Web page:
Dutch Elm Disease
Dutch elm disease is an aggressive fungal disease of elms native to America. The fungus is spread from tree to tree via the European elm bark beetle. As the beetles tunnel in to lay eggs, the fungus enters the plants' water-conducting system. Once inside the tree, the fungus begins to plug the vascular system. As a result, leaves wilt and the affected tree dies within a few months to a year.
If wilting symptoms are evident, cut twigs where wilting is occurring. Twigs should be one to two inches in diameter. Peel back the thin layer of bark to view the wood just underneath. If dark discoloration or streaks run the length of the twig, Dutch elm disease is suspect. Samples should be taken or sent to a diagnostic clinic for laboratory analysis.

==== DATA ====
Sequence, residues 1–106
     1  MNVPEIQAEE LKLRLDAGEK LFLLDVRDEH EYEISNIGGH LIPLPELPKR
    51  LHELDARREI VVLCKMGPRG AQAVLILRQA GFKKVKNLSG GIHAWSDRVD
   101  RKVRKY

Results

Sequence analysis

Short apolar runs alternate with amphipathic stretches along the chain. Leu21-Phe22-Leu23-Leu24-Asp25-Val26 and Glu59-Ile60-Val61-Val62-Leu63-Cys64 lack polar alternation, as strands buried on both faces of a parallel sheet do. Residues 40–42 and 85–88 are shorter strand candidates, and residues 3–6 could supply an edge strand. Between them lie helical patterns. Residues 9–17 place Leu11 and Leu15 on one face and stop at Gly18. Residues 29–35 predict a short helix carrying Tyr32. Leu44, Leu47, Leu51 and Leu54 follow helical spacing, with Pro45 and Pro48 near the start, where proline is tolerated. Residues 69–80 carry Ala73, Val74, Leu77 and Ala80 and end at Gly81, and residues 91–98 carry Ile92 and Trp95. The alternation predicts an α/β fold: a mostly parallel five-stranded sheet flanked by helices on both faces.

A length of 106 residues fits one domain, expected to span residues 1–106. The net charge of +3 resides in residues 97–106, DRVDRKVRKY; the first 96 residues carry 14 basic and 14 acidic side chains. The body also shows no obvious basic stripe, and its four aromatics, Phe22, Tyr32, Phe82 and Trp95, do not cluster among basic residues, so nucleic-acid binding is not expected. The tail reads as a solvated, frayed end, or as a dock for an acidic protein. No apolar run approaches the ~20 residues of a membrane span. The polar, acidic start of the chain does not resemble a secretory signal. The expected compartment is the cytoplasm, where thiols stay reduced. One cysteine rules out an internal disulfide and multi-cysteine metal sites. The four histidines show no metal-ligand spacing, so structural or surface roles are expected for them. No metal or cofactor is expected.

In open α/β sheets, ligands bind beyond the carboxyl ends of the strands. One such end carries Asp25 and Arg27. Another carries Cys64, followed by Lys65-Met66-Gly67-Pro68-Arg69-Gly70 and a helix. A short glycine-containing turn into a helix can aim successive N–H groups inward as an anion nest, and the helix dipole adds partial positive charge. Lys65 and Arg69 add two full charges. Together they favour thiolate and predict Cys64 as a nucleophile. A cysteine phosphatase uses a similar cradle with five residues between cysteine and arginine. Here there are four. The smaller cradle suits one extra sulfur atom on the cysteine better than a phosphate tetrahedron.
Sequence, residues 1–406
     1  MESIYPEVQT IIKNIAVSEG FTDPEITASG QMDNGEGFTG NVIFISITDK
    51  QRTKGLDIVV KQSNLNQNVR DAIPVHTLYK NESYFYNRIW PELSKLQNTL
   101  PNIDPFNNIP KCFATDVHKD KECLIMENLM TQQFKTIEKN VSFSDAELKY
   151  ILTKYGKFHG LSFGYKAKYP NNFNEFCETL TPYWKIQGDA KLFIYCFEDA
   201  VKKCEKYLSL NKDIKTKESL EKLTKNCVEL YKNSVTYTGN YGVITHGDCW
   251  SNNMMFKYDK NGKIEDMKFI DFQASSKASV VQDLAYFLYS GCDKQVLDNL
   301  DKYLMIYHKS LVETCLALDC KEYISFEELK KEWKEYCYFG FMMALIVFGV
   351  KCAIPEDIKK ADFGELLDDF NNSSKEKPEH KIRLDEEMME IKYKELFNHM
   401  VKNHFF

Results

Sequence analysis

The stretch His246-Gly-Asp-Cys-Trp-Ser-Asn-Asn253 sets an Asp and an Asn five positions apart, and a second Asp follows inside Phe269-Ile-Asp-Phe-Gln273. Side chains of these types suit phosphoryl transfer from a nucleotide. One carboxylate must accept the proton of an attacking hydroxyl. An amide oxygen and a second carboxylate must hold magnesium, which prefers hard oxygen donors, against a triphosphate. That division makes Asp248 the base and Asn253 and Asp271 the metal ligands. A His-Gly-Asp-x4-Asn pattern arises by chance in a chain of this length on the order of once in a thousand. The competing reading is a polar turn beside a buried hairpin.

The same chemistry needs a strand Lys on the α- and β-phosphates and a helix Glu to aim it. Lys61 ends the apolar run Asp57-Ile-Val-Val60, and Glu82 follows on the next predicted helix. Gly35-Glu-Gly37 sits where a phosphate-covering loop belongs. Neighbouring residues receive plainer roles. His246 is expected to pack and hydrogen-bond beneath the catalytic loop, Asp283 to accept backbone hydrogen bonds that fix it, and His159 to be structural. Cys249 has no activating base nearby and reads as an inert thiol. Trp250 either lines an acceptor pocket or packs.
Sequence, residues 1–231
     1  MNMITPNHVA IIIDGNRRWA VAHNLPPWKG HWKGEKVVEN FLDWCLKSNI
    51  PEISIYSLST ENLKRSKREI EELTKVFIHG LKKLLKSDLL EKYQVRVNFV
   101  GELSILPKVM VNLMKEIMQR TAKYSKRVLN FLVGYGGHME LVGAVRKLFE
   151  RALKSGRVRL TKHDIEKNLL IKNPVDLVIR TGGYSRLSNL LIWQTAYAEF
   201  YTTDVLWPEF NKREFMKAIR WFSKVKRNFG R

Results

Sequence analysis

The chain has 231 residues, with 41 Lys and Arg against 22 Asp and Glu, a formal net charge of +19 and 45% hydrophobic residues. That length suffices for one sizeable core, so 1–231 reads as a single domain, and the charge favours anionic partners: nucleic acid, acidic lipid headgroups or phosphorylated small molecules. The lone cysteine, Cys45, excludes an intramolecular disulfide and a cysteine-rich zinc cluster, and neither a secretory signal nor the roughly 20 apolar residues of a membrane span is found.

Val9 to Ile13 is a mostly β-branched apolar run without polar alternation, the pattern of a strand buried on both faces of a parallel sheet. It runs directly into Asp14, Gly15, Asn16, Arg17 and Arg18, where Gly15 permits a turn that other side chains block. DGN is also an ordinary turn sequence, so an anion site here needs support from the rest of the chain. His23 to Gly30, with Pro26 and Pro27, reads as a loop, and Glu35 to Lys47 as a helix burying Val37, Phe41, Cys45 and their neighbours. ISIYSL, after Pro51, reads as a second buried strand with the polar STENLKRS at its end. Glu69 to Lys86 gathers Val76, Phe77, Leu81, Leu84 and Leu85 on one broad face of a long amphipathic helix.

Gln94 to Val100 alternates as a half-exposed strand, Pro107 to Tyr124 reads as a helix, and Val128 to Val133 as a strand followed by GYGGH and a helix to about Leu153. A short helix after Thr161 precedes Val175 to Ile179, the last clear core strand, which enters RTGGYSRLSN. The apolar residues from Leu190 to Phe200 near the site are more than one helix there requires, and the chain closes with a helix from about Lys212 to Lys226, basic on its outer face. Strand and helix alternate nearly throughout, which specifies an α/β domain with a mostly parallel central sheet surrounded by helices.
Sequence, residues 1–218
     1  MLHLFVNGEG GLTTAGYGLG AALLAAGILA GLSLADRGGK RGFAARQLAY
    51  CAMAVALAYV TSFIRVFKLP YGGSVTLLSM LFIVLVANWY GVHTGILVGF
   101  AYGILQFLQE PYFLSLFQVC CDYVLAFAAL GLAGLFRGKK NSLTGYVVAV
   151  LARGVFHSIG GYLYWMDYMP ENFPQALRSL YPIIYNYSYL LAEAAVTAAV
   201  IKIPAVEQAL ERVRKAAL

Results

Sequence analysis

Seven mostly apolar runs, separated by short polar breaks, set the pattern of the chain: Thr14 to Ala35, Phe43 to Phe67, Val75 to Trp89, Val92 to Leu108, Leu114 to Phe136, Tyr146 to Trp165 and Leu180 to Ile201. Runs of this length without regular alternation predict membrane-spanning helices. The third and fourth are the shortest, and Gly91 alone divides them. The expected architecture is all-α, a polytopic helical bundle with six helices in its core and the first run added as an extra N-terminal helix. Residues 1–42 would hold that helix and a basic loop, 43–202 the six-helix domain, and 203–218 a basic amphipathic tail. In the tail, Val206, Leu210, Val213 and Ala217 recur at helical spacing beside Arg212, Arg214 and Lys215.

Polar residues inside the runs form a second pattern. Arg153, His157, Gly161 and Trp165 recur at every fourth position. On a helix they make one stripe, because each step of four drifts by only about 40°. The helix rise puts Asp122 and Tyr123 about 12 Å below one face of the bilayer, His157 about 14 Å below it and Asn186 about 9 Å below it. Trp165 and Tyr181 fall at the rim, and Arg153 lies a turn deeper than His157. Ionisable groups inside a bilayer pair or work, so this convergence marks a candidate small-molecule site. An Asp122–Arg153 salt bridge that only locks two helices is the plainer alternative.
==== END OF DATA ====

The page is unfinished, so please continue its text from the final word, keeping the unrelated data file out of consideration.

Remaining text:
An elm diagnosed with Dutch elm disease must be removed and the wood disposed of. This practice helps slow the spread of the fungus to healthy trees.In locations where elms are growing next to each other, it is important to trench roots to prevent the spread of the disease from one tree to another through root grafts. It is possible to manage early infections by pruning out affected branches ten feet beyond visible streaking under the bark.
Valuable trees without symptoms (or with minimal symptoms) can be injected with fungicides as a preventive action. The products usually last 2-3 years but have not been effective in every situation.
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Updated Thursday, October 16, 2014